News

Technology and the Store: The Shoppers’ Perspective

BY Dr. Alan Treadgold

There can surely be no question that the two defining trends re-shaping the U.S. retail landscape are the impacts of the recession and technology. But whereas the impact of the recession is, we hope, cyclical, the impact of technology on shoppers’ lives and on retail businesses is profound and structural.


Much of the discussion about the impact of technology on the retail industry has focused on the extent to which the Internet will replace the physical store as a sales channel. Indeed, as each successive quarter shows Internet sales growing much more strongly than store-based sales, a polarizing debate has begun on when the Internet will make the retail store redundant.


At Leo Burnett, we are far more interested in understanding the drivers of shoppers’ behaviors than we are in forecasting the pre-eminence of one channel over another. So when we explored how shoppers are behaving in a technology-enabled retail landscape, the insights we uncovered were variously interesting, provocative, nuanced and complex.


The first thing to say is that we do not believe that the death of the physical retail store is either imminent or inevitable. It is clear from asking shoppers that many of them still look to the retail store as their final preferred purchase point in the total (and often very long and complex) path to purchase. So it is not a case of either shopping online or in-store. For most shoppers in many product categories, the Internet plays one role and the physical store plays another, complementary role.


But this does not mean that the strength of the retail store is assured. Shoppers are often very clear and very vocal about the shortcomings of the physical store experience. For many shoppers, stores continue to under-deliver on the absolute retail basics of having the right product at the right price and in the right place. Indeed, the size of the deliver gaps between what shoppers want and what they feel they get is often notably wide and notably worrying.


But even if retailers are able to deliver better on the retail fundamentals, this will not be enough to secure the future of the retail store. The nightmare scenario for retailers with heavy investments in physical brick-and-mortar real estate is that their stores default to simply being collection points for merchandise purchased online — in other words, hugely expensive and inefficient mini-warehouses.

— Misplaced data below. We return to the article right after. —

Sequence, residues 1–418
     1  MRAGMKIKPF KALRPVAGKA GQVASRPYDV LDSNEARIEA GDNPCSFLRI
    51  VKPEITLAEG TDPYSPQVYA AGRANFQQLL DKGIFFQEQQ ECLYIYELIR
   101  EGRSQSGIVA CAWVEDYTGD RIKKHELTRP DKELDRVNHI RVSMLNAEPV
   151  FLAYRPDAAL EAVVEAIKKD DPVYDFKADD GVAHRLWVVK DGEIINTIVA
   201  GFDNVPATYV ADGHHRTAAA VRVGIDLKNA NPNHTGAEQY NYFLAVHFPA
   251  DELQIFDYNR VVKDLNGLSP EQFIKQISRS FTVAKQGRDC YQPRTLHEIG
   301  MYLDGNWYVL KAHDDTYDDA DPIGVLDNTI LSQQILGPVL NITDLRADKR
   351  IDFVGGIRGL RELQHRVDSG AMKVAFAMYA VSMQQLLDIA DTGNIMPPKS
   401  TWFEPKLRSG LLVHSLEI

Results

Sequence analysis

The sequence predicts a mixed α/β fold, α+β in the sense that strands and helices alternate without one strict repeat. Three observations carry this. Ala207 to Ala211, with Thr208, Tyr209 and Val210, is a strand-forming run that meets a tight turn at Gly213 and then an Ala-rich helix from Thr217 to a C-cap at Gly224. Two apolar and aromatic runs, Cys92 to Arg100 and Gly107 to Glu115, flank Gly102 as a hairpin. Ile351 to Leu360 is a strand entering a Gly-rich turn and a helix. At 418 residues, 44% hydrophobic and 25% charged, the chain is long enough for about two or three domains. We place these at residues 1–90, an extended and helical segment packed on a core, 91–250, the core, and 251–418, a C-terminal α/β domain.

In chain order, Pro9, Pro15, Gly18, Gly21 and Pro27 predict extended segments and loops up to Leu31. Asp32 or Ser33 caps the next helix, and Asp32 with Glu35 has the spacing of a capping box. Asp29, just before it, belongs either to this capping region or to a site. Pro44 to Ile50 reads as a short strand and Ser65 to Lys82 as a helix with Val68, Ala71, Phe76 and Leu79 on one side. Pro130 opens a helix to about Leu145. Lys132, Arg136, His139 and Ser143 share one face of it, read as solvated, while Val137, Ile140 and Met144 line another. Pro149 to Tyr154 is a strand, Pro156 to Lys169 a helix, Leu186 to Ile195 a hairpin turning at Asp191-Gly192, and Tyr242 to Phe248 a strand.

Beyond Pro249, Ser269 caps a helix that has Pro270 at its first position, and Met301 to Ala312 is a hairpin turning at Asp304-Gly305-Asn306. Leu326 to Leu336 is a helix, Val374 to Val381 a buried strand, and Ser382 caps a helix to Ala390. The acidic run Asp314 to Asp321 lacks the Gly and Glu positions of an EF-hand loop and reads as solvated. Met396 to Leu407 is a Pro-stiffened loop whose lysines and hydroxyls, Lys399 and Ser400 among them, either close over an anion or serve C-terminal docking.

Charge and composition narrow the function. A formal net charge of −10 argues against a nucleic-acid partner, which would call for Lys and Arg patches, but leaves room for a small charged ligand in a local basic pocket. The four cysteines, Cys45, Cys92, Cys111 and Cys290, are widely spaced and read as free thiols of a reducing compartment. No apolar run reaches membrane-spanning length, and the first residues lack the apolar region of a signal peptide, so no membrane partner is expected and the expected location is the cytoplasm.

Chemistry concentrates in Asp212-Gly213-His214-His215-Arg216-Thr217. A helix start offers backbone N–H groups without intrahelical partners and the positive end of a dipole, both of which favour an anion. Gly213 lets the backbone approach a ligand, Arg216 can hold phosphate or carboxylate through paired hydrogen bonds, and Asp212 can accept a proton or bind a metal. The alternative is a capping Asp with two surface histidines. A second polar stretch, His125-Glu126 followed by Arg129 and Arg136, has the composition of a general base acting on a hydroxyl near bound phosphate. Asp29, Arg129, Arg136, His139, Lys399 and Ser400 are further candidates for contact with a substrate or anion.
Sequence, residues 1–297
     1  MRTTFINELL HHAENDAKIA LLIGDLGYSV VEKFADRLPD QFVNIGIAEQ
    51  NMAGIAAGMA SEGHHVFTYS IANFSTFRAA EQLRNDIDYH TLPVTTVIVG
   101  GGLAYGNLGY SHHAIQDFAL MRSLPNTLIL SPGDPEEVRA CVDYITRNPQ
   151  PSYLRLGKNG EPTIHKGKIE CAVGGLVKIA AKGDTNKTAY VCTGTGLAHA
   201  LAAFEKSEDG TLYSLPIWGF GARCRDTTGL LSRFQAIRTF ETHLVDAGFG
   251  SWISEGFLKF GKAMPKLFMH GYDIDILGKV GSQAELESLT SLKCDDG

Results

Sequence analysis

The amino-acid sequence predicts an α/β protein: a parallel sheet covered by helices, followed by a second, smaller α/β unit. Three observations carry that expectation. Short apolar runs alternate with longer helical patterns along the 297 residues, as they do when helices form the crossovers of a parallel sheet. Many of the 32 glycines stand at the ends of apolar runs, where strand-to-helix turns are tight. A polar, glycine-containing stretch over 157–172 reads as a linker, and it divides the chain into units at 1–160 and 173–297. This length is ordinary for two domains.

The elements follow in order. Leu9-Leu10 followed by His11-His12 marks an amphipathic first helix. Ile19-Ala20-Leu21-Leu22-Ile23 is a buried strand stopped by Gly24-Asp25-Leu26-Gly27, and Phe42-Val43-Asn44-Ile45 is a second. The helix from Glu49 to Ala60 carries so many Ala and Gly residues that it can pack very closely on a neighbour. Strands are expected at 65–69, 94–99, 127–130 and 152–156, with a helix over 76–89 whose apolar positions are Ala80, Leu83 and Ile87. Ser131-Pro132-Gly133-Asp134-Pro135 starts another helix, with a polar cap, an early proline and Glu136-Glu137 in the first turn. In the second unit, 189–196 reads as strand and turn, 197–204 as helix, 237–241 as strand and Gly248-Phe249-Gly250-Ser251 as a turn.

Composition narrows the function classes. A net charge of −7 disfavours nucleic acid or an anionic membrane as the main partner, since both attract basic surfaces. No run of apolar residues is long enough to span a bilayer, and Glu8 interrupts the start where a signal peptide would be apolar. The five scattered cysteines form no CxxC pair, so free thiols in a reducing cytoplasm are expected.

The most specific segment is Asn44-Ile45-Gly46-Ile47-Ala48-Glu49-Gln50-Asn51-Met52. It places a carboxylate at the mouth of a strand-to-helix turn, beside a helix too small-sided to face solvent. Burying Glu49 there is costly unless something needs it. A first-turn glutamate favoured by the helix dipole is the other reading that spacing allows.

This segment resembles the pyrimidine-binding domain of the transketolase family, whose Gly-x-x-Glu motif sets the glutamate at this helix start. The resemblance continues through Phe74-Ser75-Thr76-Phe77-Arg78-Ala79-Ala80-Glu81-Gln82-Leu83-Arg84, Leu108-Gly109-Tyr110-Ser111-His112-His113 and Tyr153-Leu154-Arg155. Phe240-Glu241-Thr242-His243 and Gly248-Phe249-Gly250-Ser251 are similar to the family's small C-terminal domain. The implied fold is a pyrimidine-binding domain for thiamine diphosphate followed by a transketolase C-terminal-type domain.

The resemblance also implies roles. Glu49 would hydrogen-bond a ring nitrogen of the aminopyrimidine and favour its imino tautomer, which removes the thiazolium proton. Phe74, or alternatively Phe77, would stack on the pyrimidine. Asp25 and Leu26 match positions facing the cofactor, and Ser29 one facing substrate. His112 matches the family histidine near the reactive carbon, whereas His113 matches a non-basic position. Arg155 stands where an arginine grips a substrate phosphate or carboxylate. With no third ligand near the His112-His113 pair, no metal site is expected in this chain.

To avoid this doom scenario, retailers with heavy investments in physical store networks need to emphasize the attributes and experiences their stores can offer that the Internet and other remote channels cannot. 


Many retailers have looked to in-store technologies to deliver enhanced shopper experiences on-site. Unfortunately, when we ask shoppers how much technology does to enhance their in-store experiences, the results often appear disappointing for retailers that have invested a great deal in recent years on customer-facing technologies. 


Many retailers look to these technologies to deliver on the holy grail of both taking cost out of their businesses and simultaneously improving the customer experience. The disappointing news is that customers are often largely unimpressed. From the shoppers’ perspective, in-store technology is seen as being largely about functionally improving the shopping process in self-directed environments (such as grocery stores), rather than enhancing the shopping experience in more browsing, experiential environments (such as department stores). Right now, in many store types, shoppers see technology as putting up something of a barrier between them and the store experience. In other words, it is undermining the experience rather more than enhancing it. Furthermore, for most of the shoppers that we surveyed, in-store technologies are very low-order priorities on their wish lists of what will create more appealing shopping experiences.


What are the lessons for retailers? The good news is that most shoppers still value the physical retail store for many of their shopping needs. But in those stores, the promise of technology to deliver an enhanced experience for the shopper, as opposed to a lower cost model for the retailer, has been largely unfulfilled. More work is required.


Dr. Alan Treadgold is global head of retail strategy for Leo Burnett. He is based in London and Chicago and leads the agency’s strategy work and research program for the retail sector ([email protected]).

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News

Counting Down the Hits

BY Marianne Wilson

So many stores, so little time. That’s how I felt as I was putting together my annual Big Apple retail hit list. This year’s crop of stores is particularly diverse, and ranges from fast-fashion leader Forever 21 to the cult French candle-maker Cire Trudon — with some Disney magic thrown in for good measure. Let’s get started: 


Aéropostale: The mall-based teen fave is hoping to attract tourists and locals alike with its 19,000-sq.-ft., two-level flagship. The design mixes New York City-inspired accents with high-tech interactivity; a digital billboard illuminated by 2 million LEDs wraps around and into the store, with content that includes shoppers dancing with virtual models. (1515 Broadway, at 45th St.) 


Cire Trudon: The centuries-old, legendary French candle-maker (Marie Antoinette was a client) makes its U.S. debut with a design inspired by the Galerie des Glaces at Versailles. Antiqued mirrors, stucco, French molding and hardware, and molded Victorian busts — candles never looked so good. (54 Bond St.)